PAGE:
The Case for Space 2015
Nevertheless, even with the established statistics, continuity and advancement are still in order and the UK government has set goals and action plans to achieve them. In its Space IGS Growth Action Plan, the government aims to add 100,000 high-skilled jobs. In relation to this goal, London Economics outlines specific recommendations in its report “The Case for Space 2015: The Impact of space on the UK economy – A study for the Satellite Applications Catapult, Innovate UK, Ukspace and the UK Space Agency.”
According to LE’s report, a key requirement for the UK space economy to grow successfully and realise its target job count, a sufficient pool of qualified workers to select from is a key. LE recommends to address the concern in the long term, starting from planting in young people the passion for Science, Technology, Engineering and Maths or STEM education.
Seeds of STEM Education
They have outlined the Principia Mission patch and meal contest, the Astro Pi App competition for Primary and Secondary UK students, and Rocket Science where seeds of rocket (the salad variety) will be given to Major Peake to bring to the ISS which, upon his return, will be given to UK schools so that half a million children will have the chance to learn how human space exploration contributes to knowledge of life on Earth.
Plentiful Harvest, Few Labourers
In the UK Space Conference, Sapienza was in-charge of the segment “Developing The Skills Pipeline” where they outline the space industry’s skills requirements of the present and the future, higher apprenticeships, the Space Internship Network or SpIN, and knowledge transfer partnership.
In the skills development session, Sapienza featured the following government goals and present statistics as guide for the discussion:
- The UK space industry adds £7 billion to the economy, supports 70,000 jobs, is growing four times faster than the rest of the UK economy, has the most highly skilled workforce in manufacturing.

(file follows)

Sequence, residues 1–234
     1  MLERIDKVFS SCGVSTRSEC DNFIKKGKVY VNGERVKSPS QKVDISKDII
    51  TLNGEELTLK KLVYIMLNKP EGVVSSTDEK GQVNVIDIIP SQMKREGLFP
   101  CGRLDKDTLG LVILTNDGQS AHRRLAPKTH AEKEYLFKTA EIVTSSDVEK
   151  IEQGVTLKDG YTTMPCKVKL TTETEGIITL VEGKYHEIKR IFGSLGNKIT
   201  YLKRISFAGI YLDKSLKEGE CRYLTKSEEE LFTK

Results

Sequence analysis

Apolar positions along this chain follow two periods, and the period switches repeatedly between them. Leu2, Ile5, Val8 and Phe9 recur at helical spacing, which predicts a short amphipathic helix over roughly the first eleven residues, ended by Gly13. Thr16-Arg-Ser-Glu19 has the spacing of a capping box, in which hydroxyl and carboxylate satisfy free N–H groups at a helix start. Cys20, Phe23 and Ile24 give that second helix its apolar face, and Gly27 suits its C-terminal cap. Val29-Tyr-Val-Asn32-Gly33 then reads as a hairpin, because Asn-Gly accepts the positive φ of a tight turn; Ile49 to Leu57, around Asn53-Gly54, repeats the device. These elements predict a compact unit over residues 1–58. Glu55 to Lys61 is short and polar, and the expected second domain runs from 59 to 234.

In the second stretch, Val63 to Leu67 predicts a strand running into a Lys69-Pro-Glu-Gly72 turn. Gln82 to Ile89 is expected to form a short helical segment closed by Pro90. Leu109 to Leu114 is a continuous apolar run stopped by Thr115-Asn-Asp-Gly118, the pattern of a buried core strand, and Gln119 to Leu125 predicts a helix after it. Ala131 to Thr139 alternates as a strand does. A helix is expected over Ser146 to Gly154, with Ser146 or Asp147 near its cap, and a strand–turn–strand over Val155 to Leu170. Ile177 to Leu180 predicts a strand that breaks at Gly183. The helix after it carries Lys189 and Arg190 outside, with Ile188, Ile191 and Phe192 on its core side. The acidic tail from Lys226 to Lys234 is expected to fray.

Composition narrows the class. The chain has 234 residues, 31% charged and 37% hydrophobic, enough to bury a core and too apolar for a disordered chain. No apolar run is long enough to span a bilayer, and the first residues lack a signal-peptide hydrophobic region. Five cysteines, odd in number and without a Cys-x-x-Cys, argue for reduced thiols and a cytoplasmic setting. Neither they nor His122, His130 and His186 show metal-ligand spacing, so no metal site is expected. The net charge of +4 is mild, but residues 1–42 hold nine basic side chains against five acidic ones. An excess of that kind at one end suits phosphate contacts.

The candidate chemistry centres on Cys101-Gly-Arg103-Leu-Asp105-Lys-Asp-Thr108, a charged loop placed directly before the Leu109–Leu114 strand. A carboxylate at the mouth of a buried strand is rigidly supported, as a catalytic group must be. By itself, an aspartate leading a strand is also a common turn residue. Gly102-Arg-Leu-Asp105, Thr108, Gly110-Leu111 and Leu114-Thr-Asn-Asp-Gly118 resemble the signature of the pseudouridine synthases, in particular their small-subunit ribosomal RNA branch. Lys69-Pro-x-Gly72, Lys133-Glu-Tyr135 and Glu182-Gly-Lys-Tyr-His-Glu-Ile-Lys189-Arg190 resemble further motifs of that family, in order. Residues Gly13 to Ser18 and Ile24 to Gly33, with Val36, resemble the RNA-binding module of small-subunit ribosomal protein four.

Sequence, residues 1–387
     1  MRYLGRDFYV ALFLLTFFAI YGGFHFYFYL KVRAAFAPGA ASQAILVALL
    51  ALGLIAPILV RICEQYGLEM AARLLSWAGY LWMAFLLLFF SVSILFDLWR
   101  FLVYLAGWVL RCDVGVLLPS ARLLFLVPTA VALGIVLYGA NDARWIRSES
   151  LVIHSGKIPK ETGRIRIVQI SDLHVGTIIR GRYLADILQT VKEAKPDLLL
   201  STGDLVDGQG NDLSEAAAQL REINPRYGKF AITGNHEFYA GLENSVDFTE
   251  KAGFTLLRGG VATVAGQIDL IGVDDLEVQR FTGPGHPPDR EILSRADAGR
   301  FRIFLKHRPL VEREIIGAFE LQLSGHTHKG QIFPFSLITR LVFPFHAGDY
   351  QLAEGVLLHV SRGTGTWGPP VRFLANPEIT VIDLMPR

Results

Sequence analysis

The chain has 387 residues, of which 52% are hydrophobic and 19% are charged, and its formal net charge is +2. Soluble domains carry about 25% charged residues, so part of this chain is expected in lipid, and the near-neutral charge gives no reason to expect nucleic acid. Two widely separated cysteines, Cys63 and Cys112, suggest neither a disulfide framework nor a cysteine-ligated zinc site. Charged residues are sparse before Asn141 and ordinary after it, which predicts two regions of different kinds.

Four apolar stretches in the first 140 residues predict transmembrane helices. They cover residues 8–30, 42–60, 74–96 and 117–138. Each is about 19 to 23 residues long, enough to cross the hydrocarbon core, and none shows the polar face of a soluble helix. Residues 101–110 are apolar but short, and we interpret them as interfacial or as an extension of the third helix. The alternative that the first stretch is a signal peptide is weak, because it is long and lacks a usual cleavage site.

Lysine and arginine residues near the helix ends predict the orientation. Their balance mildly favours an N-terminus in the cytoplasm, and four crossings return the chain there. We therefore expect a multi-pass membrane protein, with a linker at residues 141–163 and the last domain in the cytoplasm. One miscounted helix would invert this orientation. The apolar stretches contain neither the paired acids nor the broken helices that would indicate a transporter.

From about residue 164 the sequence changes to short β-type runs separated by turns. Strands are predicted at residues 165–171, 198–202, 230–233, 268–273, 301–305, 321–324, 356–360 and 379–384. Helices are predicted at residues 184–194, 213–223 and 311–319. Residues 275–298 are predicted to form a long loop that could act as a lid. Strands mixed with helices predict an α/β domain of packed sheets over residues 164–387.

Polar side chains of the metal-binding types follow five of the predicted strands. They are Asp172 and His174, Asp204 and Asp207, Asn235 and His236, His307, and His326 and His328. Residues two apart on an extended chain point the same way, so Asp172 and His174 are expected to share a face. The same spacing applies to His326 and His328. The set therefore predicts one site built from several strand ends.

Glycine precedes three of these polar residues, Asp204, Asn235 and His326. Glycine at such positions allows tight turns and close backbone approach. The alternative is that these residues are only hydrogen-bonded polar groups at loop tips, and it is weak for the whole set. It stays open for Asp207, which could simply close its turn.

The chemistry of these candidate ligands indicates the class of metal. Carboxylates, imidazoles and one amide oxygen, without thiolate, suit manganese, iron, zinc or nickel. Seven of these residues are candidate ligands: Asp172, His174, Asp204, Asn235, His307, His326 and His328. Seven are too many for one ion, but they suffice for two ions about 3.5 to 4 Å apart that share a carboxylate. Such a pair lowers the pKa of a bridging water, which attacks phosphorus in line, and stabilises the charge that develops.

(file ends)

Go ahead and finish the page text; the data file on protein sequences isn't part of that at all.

- The Space Innovation and Growth strategy sets the interim target revenue for the UK Space Industry at £19 billion by 2020. The final target is £40 billion by 2030 creating 100,000 new jobs.
- Prediction is that £3 billion will be from Upstream and £37 billion in downstream.
According to Sapienza, talent with required skills for the space industry is extremely hard to find locally in the UK; they are currently recruiting from Italy, Spain, Portugal and Greece. They add that such workforce outside UK is more mobile and more mobility means less stability which can impact long term space projects. Thus, there is a need for more local UK workforce.
Harvesters in the Immediate Future
Nevertheless, the 2015 Update Report of the UK Space Innovation and Growth Strategy, consolidating the reports of Sapienza and London Economics, says that “A number of new training opportunities have already been put in place to increase the relevant skills for the space industry. The first cohort of Higher Apprentices and Space Studio School students are just completing their first year of studies and apprenticeships. They are supported through a long-term apprenticeship collaboration with Airbus at Portsmouth’s Highbury College.”
The 2015 Update Report continues, “The Space Internship Network (SpIN) is now in its third year, raising awareness among students of the opportunities available in the space industry and proving a useful recruiting opportunity for companies. Innovate UK’s KTP (Knowledge Transfer Programme) call, dedicated to space, is utilising an established and well proven tool in the space sector. This £1 million investment enables knowledge transfer out of the research base through graduate placements into businesses. It includes giving graduates business training and a chance to go to the International Space University.”